Training session

Cpl. Josh Moore, of the Worcester County Sheriff’s Office, presents CRASE training on active as- sailant situations to about 65 people during a session Tuesday evening at the Worcester County Recreation Center in Snow Hill.

(April 12, 2019) Avoid. Deny. Defend.

It’s a mantra Worcester County Sheriff’s Office Corporals Josh Moore and Mike Sand explained as part of Tuesday night’s active assailant situation training session at the Worcester County Recreation Center.

The course’s strategy was developed in 2004 by the Advanced Law Enforcement Rapid Response Training center at Texas State University. 

“We want them to have the tools that they’re gonna need how to handle these situations under stress,” said Sheriff Matt Crisafulli.

Because of the rise in school shootings and threats across the county, Moore said the sheriff’s office is striving to have school resource officers placed in every Worcester County Public School.

“We’re working that problem,” he said.

The Capital Gazette, a newspaper in Annapolis, however, saw five people killed in a June 2018 mass shooting, and hundreds of active shooter incidents have occurred in the country over the last two decades.

Sand also applauded Anne Arundel law enforcement last year during the shooting in Annapolis and said “their response time was impressive.”

The CRASE training session covered topics ranging from historical context to risk factors to what to do in the event of an active threat.

“You have to mentally prepare yourselves,” Sand said. “It involves thinking about the worst case scenario.”

Moore stressed the importance of quickly leaving the scene if a situation were to arise.

“If you can get out, get out,” he said.

However, if the time came to defend oneself, Sand said not to hold back.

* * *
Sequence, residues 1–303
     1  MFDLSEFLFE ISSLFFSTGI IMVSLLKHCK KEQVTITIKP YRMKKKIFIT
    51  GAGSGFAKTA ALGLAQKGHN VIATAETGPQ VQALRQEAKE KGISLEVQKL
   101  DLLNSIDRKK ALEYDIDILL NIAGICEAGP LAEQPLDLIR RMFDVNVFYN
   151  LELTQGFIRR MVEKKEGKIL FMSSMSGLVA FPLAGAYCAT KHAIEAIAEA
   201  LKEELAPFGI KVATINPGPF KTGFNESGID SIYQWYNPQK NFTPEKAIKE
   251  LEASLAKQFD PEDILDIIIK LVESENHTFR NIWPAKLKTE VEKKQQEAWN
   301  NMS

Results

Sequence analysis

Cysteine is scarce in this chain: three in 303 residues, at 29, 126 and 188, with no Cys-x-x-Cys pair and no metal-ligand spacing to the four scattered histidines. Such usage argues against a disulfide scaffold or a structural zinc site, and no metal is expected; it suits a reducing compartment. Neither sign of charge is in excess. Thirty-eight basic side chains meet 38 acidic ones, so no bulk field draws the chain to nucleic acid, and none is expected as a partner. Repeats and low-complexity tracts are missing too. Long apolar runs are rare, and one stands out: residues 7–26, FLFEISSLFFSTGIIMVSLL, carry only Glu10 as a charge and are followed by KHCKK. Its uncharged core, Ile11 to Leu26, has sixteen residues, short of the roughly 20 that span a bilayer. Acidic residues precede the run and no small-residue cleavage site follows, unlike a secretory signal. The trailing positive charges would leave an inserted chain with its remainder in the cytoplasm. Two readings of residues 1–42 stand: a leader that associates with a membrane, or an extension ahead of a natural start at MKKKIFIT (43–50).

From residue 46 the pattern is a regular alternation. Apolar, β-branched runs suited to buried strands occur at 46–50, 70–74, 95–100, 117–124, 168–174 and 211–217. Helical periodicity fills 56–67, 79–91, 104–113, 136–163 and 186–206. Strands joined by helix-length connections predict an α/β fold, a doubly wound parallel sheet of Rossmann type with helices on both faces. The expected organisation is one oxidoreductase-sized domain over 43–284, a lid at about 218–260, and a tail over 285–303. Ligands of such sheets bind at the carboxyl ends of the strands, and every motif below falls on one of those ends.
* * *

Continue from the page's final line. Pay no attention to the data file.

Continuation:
“When it comes to defending yourself, be the meanest, nastiest person you can be,” he said.

Following the presentation, Moore and Sand invited participants to ask questions, and many expressed their unease with the possible safety concerns in Ocean City.

Moore assured people that local law enforcement is prepared.

“It’s a really good thing that we’ve got vehicle barriers,” Moore said.

About 65 people attended the first public workshop.

“I like to be … aware of my surroundings,” said Snow Hill resident Linda Shockley.

Charlie Herbert, of West Fenwick, Delaware, is a member of the Fire Police division within the Roxana Volunteer Fire Department. He said he had an “interest in the program” and hoped to get a “personal education” from sitting in on the course. 

“[I’m] happy this will work to advance our … decision making,” Herbert said.

Several sheriff’s office deputy’s present at Tuesday’s class were pleased with the outcome and public attendance. 

 “I was grateful for the turnout,” Moore said. “I was grateful for the interaction because again, to come here is one thing, but to actually participate is a whole other thing.”

Moore added preparation is crucial as these types of incidents become more and more commonplace. 

“Regrettably, this is where we are as a country, as a society,” he said. “So if we at least inform people, then we’ll be all the better off for it.”

Contact Chief Deputy Mark Titanski or 410-632-1111 for more information.

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